Cabinet approves Minimum Support Price (MSP) for Copra for 2022 season

Tags: National News

  • The Cabinet Committee on Economic Affairs chaired by Prime Minister Shri Narendra Modi, has given its approval for the Minimum Support Prices (MSPs) for copra for 2022 season. 
  • The decision is based on recommendations of the Commission for Agricultural Costs and Prices (CACP)
  • It assures a minimum of 50 percent as margin of profit as one of the important and progressive steps towards making possible doubling of farmers' incomes by 2022.
  • Copra refers to the dried sections of the meet of coconut from which coconut oil is expelled. The MSP declared is for Fair Average Quality (FAQ) of both ball copra and milling copra (for coconut oil).


Minimum Support Price (MSP)

  • MSP is the rate at which the government purchases crops from farmers, and is based on a calculation of at least one-and-a-half times the cost of production incurred by the farmers.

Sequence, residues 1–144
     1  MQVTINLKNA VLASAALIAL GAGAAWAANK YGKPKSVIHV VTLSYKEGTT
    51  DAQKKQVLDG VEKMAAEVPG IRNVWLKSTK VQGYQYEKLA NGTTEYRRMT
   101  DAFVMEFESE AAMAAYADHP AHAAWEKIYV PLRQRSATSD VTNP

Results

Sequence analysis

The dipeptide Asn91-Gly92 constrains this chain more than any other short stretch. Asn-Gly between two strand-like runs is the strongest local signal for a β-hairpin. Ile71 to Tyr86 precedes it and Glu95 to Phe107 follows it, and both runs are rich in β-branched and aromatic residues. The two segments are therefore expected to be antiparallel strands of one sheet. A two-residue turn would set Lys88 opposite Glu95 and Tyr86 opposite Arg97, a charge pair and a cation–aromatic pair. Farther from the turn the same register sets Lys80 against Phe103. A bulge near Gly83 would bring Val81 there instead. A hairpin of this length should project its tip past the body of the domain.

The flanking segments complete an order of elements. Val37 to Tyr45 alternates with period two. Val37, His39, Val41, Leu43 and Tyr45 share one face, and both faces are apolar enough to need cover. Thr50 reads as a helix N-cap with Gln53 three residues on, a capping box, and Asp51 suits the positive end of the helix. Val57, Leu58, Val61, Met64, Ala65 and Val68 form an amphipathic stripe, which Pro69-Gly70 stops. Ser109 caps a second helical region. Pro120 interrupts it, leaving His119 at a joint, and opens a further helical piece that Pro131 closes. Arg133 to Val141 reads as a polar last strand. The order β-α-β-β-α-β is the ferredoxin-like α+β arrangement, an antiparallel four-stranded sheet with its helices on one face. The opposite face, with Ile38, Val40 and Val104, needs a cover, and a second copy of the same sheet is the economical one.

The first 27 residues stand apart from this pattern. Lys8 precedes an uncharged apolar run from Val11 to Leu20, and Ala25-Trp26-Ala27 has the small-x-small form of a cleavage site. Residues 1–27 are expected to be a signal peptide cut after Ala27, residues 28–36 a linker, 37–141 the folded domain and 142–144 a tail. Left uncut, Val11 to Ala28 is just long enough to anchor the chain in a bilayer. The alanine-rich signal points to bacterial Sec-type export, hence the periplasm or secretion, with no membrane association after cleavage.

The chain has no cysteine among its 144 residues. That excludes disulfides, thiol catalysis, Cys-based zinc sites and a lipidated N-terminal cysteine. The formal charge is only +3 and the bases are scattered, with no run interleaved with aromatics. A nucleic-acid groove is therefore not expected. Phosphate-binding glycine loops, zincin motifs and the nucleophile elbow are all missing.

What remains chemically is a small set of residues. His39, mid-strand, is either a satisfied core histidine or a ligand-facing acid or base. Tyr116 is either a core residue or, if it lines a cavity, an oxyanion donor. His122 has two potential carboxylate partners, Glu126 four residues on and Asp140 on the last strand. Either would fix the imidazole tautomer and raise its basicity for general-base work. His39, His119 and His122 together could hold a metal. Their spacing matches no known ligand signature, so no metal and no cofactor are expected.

• MSP is a “minimum price” for any crop that the government considers as remunerative for farmers and hence deserving of “support”.
  • MSP is fixed twice a year separately for Kharif and Ravi Seasons.
  • MSP doesnt have any legal backing.
  • The Commission for Agricultural Costs & Prices (CACP) recommends MSPs for 22 mandated crops and fair and remunerative price (FRP) for sugarcane.
  • CACP is an attached office of the Ministry of Agriculture and Farmers Welfare.
  • The mandated crops are-
  • Cereals - Paddy, Wheat, Maize, Sorghum, Pearl millet, Barley, Ragi
  • Pulses - Chickpea / Gram, Tur, Moong, Urad, Lentil
  • Oilseeds - Peanut, Rapeseed, Soyabean, Sesame, Sunflower, Safflower, Niger seed
  • Commercial crops - Copra, Sugarcane, Cotton, Raw jute
  • Factors for Recommending the MSP:

     The CACP considers various factors while recommending the MSP for a commodity, including cost of cultivation.

  • The supply and demand situation for the commodity, 
  • Market price trends (domestic and global) and parity vis-à-vis other crops
  • Implications for consumers (inflation)
  • Environment (soil and water use) and 
  • Terms of trade between agriculture and non-agriculture sectors.

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